Moscato Wine

Moscato Mania - An Insider's Guide

Moscato wines
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As a long time resident of Piedmont, the Moscato grape (Muscat Blanc) is one of Italy's most eager wine ambassadors. Moscato tends to be a popular white wine among new wine lovers and enjoys a significant following with seasoned wine enthusiasts who enjoy a lighter-styled wine with brunch, dessert or on its own as a capable aperitif.

Moscato's Italian Roots

This unique wine is often labeled simply as "Moscato" or if it's bred and born in Italy's Northwest region of Piedmont, it's seen sporting its full name of Moscato d'Asti (named after the grape, Moscato, and the Italian town of Asti).

A close relative of Piedmont's Asti Spumante, Moscato d'Asti is generally produced in smaller quantities and in a more delicate style than Spumante.

Today Moscato is seeing a surge in wine fans around the world and is made in many wine regions outside of Italy, with the U.S. and Australia taking a particular interest in introducing Moscato's sweeter side to enthusiasts near and far.

Looking for our top Moscato Wine Recommendations? Check them out here

Aromatic and Flavor Profile of Moscato

Moscato is known for its surprising perfume-like fragrance, light-body, semi-sparkling, spritzy character (frizzante), lower alcohol content (typically to the tune of the around 5-8% abv) and its dazzling fruit-forward palate profile with a welcoming sweet factor. The wine's color steers towards straw yellow with occasional tinges of gold. Moscato's inherent aromatics are simply stunning - orange blossom, honeysuckle, almonds, ginger and ultra-expressive fruit dominated by green grapes, citrus tones and ripe peach nuances.

On the palate, you can expect an impressive lineup of fresh, forward fruit with sugar levels ranging from semi-sweet to sweet and wrapped in medium acidity. From pear and apple to orange and lime with consistent appearances in the ripe, juicy peach and apricot category, Moscato's flavors are extraordinarily fruit-filled.

The delicate cascade of bubbles, light body, and sweet surprise culminate to woo and win many unsuspecting palates to the wide world of wine.

While the Moscato wines sold at lower price points typically exhibit a fruity focus with a decent dose of sweet in the mix, the higher quality Moscato steers quite clear of sugar-soaked fruit and brings a vivid spotlight to ripe stonefruit, with apricots, peaches and an intoxicating florality eager to steal the show.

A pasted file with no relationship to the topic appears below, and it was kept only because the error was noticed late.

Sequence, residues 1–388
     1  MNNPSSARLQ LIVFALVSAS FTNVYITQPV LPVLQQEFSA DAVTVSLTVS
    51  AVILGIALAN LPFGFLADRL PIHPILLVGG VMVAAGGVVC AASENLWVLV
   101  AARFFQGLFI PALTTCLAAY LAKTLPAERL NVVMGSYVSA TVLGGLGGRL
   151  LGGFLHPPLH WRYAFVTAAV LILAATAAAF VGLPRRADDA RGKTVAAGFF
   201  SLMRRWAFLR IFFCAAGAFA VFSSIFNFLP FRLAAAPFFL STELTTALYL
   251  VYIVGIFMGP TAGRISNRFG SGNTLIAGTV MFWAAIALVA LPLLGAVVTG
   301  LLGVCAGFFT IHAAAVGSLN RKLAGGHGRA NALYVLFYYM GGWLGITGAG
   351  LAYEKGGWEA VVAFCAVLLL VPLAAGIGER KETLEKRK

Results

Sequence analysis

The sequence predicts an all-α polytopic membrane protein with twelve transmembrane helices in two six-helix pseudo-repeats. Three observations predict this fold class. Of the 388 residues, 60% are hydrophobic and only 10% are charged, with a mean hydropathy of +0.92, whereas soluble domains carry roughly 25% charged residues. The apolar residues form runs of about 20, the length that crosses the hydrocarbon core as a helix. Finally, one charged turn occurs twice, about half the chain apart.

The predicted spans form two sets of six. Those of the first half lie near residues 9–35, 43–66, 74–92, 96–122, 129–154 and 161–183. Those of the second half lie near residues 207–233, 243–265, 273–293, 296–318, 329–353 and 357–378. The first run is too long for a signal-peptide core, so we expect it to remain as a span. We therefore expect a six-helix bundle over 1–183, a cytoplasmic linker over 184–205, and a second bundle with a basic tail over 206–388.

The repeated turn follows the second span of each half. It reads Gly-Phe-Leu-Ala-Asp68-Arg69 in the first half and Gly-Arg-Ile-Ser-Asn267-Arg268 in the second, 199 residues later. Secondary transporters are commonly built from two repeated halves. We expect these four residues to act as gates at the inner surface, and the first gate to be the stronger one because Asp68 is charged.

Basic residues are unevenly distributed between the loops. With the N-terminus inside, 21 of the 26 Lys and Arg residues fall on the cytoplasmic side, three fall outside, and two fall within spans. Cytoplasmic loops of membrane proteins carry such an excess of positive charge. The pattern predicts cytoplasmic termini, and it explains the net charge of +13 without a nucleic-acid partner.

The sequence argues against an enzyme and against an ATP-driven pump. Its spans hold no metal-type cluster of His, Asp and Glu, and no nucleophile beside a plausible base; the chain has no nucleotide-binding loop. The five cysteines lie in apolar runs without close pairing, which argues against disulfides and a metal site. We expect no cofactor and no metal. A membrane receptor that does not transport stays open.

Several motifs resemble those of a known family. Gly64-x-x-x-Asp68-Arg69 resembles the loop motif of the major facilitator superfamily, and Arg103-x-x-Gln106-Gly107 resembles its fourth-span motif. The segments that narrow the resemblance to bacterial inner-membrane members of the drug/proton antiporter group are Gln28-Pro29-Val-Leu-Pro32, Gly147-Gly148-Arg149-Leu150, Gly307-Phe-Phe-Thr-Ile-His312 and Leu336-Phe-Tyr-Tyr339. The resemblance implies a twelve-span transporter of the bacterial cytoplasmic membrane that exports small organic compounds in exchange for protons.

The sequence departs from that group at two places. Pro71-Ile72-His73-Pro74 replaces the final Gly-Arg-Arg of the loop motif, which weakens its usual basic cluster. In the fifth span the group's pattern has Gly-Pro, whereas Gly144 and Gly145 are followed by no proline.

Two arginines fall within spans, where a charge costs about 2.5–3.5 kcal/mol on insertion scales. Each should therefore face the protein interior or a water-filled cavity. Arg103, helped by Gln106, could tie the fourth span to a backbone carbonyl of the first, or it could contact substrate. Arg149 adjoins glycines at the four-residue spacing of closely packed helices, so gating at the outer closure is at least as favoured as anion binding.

Pink Moscato: Pink Moscato has captured quite a few fans in recent years. Typically made with the Muscat Blanc grape and a touch of red wine, Pink Moscato can also be a blend of the Black Muscat grape as found with Innocent Bystander's Pink Moscato

Pairing Food with Moscato

Intended to be consumed young, while it's fresh and vibrant, Moscato needs to be served well chilled and is downright delicious with apple desserts, fresh berries, summer salads, meringue pies, peach cobbler, hazelnut desserts and lemon-poppy breads and cakes. Moscato also pairs particularly well with spicy Asian fare (think Thai, Szechuan, Korean), as the sweet from the wine tames the heat in the food.

While dessert is Moscato's forte, cheese courses, charcuterie or antipasto plates can be perfect pairings for Moscato d'Asti wines. Its versatility, when carrying a balance of sweet and acidity, along with lower alcohol also make Moscato an ideal aperitif candidate, though it has certainly earned its stripes as the wine world's most fashionable brunch-time guest as well.

With good pricing, a unique palate presence and a style that enjoys popularity the world over, Moscato is a wine that finds friends in all circles. Fun, festive and full of sweet flavor, this is a white wine sparkler that can start a party, make a brunch or wrap its vino versatility around your favorite confections.

Moscato Wine Producers to Try

Beviamo, Bottega, Castello del Poggio, Giorgio Rivetti, Innocent Bystander, Mionetto, Mirassou, Paolo Saracco, Risata

For those looking for bargain bin wines, Barefoot and Flipflop bottle a Moscato at the $6 mark.

Pronunciation: Moh-sca-toe